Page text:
Mouse keeps a journal by her steering helm, where she records the number and size of fish caught on each trip, water temperatures, weather conditions, etc. On one particularly fine day, Mouse boasts with a grin, the Mo’ Fish VI departed the dock at 6:30 a.m. and was on the way back by 8:00 a.m. with their limit - a 125-quart cooler full of cats. She flips a page: on April 6, 2006, they caught forty-nine catfish in three hours. Her biggest fish? A beautiful seventy-six-pound blue cat.
“One Florida man brought his eighty-year-old mother to fish on Christmas Eve, and she had so much fun she wanted to go again on Christmas. I’ve guided everyone from palm readers and psychics to brain surgeons, and we do a lot of bachelor parties, too. The youngest client we’ve ever had on board was six months old, and the oldest was ninety-four, and he caught fish. We get a lot of two- and three-year olds so we keep a bag of toys and coloring books on board.”
Customers come from near and far - including recent clients from Canada, Germany, Switzerland, Iceland, Italy, Brazil and Alaska. Some come year after year, getting off the boat and immediately booking their next expedition. Her website lists more than a dozen letters and emails from satisfied customers and a Google search reveals many five-star reviews.
Skill obviously has something to do with all that, but then there is also her personality and sense of humor. She once playfully slapped a client on the back of the head for missing a fish. She keeps a chalk board at the boat’s stern where she writes the names of the naughty and hands out appropriate punishment. If you miss three fish, you have to sit on a penalty bucket in timeout. Miss six fish, and you have to fish with a kid’s Snoopy rod and reel.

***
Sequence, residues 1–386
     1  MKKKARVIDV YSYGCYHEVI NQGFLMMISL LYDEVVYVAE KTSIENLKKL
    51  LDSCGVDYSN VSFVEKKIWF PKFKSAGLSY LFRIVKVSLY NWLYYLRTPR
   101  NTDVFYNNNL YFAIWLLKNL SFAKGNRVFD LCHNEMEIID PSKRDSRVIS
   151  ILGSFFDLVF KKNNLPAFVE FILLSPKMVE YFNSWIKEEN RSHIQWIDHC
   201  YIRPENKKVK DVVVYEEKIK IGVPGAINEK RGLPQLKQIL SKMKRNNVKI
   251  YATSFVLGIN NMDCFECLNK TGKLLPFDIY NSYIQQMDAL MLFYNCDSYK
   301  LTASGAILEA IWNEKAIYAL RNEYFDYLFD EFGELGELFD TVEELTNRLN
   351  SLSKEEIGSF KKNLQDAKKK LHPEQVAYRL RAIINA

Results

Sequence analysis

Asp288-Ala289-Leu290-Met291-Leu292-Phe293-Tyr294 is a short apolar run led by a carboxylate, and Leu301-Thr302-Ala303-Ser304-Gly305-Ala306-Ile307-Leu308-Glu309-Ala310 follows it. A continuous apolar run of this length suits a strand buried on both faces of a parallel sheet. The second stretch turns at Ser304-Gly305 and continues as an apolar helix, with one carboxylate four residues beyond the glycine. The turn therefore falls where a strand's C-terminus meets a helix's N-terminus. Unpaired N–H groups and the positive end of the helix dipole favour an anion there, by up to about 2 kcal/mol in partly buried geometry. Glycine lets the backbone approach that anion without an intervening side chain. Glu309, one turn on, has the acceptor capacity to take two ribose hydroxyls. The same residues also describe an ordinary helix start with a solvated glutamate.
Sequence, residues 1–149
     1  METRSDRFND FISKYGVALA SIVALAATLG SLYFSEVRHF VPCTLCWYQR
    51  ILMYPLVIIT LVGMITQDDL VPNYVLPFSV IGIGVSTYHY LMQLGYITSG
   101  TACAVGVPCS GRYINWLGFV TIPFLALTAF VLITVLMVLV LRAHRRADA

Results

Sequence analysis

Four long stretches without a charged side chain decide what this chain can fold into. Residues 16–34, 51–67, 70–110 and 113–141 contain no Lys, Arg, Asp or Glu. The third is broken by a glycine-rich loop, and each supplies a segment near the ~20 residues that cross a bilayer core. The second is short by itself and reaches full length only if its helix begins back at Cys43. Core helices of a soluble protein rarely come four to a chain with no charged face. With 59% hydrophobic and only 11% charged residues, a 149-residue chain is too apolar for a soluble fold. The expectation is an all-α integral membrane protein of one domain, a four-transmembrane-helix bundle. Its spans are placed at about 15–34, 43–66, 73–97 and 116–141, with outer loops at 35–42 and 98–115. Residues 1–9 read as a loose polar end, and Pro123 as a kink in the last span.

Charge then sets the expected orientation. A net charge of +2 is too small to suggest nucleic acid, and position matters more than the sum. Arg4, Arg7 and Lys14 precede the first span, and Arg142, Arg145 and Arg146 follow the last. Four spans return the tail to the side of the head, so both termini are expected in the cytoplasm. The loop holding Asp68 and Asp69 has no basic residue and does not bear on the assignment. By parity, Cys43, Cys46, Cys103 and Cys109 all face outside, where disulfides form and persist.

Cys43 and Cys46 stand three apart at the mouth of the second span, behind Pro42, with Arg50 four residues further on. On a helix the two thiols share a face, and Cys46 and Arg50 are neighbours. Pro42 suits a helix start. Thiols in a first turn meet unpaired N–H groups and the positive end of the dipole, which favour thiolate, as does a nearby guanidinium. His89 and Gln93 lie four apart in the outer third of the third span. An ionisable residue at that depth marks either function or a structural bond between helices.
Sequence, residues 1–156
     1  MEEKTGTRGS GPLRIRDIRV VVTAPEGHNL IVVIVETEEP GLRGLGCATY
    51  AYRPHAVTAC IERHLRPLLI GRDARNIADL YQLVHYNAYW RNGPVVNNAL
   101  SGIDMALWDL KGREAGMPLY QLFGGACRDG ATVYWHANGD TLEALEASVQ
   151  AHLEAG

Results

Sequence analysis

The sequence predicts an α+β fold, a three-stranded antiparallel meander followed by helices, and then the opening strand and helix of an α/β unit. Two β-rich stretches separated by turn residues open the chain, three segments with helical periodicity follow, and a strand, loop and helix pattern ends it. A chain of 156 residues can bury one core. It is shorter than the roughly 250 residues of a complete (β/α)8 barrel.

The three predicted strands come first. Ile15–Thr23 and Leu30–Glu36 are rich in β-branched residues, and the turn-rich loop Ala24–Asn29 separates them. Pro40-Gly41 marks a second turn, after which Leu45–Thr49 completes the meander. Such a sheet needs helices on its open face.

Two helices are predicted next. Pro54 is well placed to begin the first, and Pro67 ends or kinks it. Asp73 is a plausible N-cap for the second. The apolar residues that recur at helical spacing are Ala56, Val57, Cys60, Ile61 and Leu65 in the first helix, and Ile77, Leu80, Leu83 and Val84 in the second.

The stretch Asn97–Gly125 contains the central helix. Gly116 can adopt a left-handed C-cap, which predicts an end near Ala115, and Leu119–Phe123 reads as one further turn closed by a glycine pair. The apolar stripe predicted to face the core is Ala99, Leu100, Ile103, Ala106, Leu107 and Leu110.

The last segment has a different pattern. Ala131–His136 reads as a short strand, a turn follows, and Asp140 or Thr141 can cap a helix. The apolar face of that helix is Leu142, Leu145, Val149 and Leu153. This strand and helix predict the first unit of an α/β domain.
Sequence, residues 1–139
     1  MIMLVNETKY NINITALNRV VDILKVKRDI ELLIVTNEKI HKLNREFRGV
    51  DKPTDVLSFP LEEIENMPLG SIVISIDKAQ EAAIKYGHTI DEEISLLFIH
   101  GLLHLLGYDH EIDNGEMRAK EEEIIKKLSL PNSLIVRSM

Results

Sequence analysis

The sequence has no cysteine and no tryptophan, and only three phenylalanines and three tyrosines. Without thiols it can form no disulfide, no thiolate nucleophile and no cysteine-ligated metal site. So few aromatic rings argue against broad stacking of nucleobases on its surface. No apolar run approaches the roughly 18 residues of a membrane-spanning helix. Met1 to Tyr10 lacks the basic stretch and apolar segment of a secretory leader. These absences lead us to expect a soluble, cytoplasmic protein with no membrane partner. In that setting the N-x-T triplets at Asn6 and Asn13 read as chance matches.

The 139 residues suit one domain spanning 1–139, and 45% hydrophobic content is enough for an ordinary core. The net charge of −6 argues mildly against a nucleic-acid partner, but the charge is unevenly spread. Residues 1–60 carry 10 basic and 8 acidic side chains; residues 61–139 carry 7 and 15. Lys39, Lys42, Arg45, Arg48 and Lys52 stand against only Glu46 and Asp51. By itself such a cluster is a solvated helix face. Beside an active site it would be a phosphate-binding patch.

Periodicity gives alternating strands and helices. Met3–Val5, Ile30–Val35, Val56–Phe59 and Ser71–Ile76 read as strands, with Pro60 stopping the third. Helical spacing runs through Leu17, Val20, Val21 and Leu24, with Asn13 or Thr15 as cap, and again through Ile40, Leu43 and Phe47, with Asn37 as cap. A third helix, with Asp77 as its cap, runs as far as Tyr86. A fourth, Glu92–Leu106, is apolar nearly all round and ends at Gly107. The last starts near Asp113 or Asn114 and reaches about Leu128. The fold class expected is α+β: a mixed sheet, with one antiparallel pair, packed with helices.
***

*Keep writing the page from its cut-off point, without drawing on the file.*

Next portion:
The Witherells have been married for forty-six years and have three kids and nine grands, but if she catches more fish than her hubby, he will good-naturedly swear and trash talk her. “People laugh at us going at it on the radio,” she said. As part of the good-natured rivalry, the loser must meet the winner at the dock, bow down and chant, “I’m not worthy!”
“But nobody on this lake will try harder to help you catch a fish,” admits Boudreaux.
Captain Mouse has been profiled in several newspapers and a couple of magazines, and was once a guest on “Bob Redfern’s Outdoor Magazine,” a weekly TV series airing across the U.S.
Protecting the Lifeblood of our State
South Carolina’s natural resources pump more than $30 billion and 230,000 jobs annually into the state’s economy, according to a recent study, Underappreciated Assets: The Economic Impact of South Carolina’s Natural Resources by the University of South Carolina Darla Moore School of Business, and freshwater fishing is a large part of that contribution. The Santee Cooper system is known as one of the best blue catfish fisheries in the country, according to the SCDNR’s website, which further estimates that this fishery alone contributes as much as $8 million per year to the state’s economy and that anglers spend more than 500,000 hours per year pursuing catfish. Communities all around Santee Cooper Country, a five-county tourism district in the south-central part of the state, depend on tourism dollars spent by recreational anglers from around the world.
The Witherells know just how important fishing is to both their livelihood and that of the entire region. That’s why they have been active officers and members of the Santee Cooper Country Guides Association (SCCGA) for years. Mouse currently serves as secretary and treasurer for the association, while Boudreaux is the Orangeburg representative on the board of directors. The primary purpose of the SCCGA is to promote fisheries management and conservation of resources on the Santee Cooper lakes, while promoting partnerships among guides, businesses and organizations that collectively depend on these lakes for their livelihood. In the past, the Witherells and other members of the SCCGA have offered input to the SCDNR to help write important fishing regulations that would benefit all who wish to enjoy the Santee lakes in the future. According to its website, the SCCGA currently has thirty-eight members.
For more information about Captain Mouse and the Santee Cajun Guide Service, go to www.santeecajunguide.com or look them up on Facebook.